Hilltop 26 is the name of an illegal settlement outpost atop a tranquil, windswept hill just outside Kiryat Arba, in the southern West Bank. From its top, one can see the red roofs of the Jewish settlement to the south and, in the distance, the outskirts of the holy city of Hebron. Over the past two months, adolescent settlers from Kiryat Arba have built a structure atop Hilltop 26 that they use as a clubhouse for eating, studying and hanging out. Although Hilltop 26 was dismantled in 1999, it has been consistently inhabited by settlers, whose ultimate aim is for it to be incorporated into the settlement of Kiryat Arba. Despite being classified by the Israeli government as an "illegal outpost," Hilltop 26 is actively protected by the Israel Defense Forces.
In this time of heightened discussion regarding Israeli settlement expansion, a topic that figured prominently in Prime Minister Benjamin Netanyahu’s meeting with President Barack Obama earlier this week, the conversation often centers on the challenge of removing settlers from settlements and outposts. This focus is misleading. Instead, attention should be drawn to how the IDF is both actively and passively involved in the creation and maintenance of outposts throughout the territories, as the body implementing decisions on the ground. Ta’ayush, the Arab-Jewish partnership group based in Jerusalem, has been documenting the expansion of illegal outposts throughout the southern West Bank.
One recent example is Hilltop 26, where over the past six weeks, Ta’ayush activists have observed a consistent settler presence and the IDF’s active participation in defending their claim to the outpost. Every time we approach the site, an IDF patrol promptly arrives and declares it a "closed military zone," forcing us to evacuate the area, but permitting the settlers to remain. This order is an oft-used IDF method for removing peace activists intent on documenting settlement expansion and settler violence. Sometimes the IDF is so concerned with our efforts that the soldiers bar us from entering the West Bank itself, citing only that they have the discretion to decide who enters and who does not.
The land that the Hilltop 26 outpost sits on belongs to the Palestinian Ja’abar family, but was expropriated by the Israeli government under an anachronistic land expropriation law dating back to the Ottoman era (which cites that all land not populated or worked by its owners for three consecutive years is to be reclaimed by the government). This is a deliberate land grab being committed not just by settlers, but by the state itself and its various institutions, which are collectively paving the way for this outpost to become part of Kiryat Arba.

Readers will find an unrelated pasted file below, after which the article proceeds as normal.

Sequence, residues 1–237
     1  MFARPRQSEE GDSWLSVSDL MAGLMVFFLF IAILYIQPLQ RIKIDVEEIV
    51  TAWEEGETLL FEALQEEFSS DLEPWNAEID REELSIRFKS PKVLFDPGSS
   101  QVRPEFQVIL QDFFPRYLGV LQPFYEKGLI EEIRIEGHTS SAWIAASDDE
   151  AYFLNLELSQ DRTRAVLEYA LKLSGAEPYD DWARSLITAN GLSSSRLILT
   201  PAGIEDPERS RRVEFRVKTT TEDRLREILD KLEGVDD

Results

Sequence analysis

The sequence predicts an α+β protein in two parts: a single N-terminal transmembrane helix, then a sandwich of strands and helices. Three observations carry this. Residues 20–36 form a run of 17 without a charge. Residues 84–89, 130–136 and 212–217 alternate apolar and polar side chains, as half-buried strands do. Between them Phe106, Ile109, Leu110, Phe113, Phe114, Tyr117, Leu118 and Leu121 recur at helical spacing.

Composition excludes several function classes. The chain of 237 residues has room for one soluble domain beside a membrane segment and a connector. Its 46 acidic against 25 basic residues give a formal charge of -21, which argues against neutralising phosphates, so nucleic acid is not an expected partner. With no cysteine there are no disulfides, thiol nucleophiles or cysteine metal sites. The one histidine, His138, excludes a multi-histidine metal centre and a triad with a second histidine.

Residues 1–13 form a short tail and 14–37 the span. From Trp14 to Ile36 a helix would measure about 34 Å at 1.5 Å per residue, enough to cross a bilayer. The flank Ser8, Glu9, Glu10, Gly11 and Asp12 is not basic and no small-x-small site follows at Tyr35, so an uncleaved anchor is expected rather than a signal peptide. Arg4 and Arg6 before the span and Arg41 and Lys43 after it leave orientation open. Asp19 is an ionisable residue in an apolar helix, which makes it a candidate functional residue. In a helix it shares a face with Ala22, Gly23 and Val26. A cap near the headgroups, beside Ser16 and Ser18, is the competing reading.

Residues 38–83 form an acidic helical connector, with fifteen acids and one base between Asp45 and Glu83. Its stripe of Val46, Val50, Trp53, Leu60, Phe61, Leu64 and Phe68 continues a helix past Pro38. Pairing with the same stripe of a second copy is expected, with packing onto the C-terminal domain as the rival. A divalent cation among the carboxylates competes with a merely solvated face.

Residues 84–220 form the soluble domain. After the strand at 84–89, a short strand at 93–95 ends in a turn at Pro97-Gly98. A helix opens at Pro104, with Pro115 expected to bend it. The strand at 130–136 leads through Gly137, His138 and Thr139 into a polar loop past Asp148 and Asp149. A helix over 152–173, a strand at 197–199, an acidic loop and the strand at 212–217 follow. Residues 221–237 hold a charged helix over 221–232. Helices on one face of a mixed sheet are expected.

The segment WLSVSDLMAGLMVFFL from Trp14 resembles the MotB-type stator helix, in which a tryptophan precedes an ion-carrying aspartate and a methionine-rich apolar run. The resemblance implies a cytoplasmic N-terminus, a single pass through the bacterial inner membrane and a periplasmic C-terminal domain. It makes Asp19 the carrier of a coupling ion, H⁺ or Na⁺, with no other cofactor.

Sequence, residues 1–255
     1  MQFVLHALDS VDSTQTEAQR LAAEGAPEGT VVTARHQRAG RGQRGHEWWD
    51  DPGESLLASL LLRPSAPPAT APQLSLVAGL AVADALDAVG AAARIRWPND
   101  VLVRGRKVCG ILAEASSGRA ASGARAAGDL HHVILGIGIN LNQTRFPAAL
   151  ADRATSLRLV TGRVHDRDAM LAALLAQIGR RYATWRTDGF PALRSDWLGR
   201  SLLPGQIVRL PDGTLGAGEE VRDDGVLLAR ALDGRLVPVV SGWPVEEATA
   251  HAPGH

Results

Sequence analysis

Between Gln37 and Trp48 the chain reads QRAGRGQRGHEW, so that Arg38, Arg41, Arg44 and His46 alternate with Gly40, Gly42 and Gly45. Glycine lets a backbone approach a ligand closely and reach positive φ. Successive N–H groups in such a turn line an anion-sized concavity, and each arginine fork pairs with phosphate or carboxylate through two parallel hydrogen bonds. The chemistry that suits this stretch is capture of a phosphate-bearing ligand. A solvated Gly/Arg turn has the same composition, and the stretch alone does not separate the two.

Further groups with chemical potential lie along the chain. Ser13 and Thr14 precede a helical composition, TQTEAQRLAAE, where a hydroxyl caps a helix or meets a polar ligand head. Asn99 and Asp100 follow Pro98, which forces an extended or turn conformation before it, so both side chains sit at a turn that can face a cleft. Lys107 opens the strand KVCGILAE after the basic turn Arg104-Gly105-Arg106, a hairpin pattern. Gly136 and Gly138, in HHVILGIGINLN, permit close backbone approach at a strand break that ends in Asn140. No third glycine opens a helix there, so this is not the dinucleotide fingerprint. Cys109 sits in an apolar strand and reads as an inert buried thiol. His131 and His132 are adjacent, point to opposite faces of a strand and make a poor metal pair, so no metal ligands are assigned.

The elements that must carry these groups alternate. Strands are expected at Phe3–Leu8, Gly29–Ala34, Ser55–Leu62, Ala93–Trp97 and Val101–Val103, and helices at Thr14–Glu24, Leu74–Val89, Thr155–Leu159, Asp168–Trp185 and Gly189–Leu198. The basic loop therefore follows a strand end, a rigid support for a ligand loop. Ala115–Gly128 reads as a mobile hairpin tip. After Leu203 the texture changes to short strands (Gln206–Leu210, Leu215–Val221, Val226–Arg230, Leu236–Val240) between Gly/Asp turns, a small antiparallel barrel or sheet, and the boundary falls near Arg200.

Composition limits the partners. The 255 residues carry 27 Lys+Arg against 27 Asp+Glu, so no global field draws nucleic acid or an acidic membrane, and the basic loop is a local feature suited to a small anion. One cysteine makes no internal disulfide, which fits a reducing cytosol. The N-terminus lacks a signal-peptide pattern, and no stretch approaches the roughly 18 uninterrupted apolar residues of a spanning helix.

On May 8, after weeks of being repeatedly evacuated by the IDF upon arrival at the hilltop, Ta’ayush activists and Palestinians residents of the area constructed a protest structure there. Our logic was that if our presence there is illegal and requires our removal, the settlers’ presence is also illegal and they, too, should be forced to leave. However, despite the IDF and police instructing all people in the area to evacuate within three minutes, no settlers were actually forced to leave. Our day of peaceful protest ended with our being physically assaulted by settlers, and with eight Israeli members of Ta’ayush detained for violating the "closed military zone" order. The settlers were not arrested, despite clear videotaped evidence of them assaulting the peace activists as well as attempting to burn our structure to the ground.
Since we broke no laws and posed no threat of violence, the only logical explanation is that the IDF was trying to prevent us from observing and documenting illegal settlement expansion.
The IDF and Israeli government have clearly made a decision to actively support the outpost of Hilltop 26. While it is still a small structure, the time-honored pattern of land grabs is clear: It starts with a clubhouse, then a mobile home and pretty soon the settlers will have built a house equipped with running water and gas. Hilltop 26 is only one example of the 100 or so outposts of this kind throughout the West Bank.
The settler movement is not as strong as it is portrayed in the Israeli and international media. Without the active and passive support of both the government and the armed forces, the settlers’ efforts would be rendered useless. Without it being possible to freely document and expose these matters, Israel’s government will continue to use the image of the settlers as a cover for its own overt policy of support for settlement creation and maintenance in the West Bank.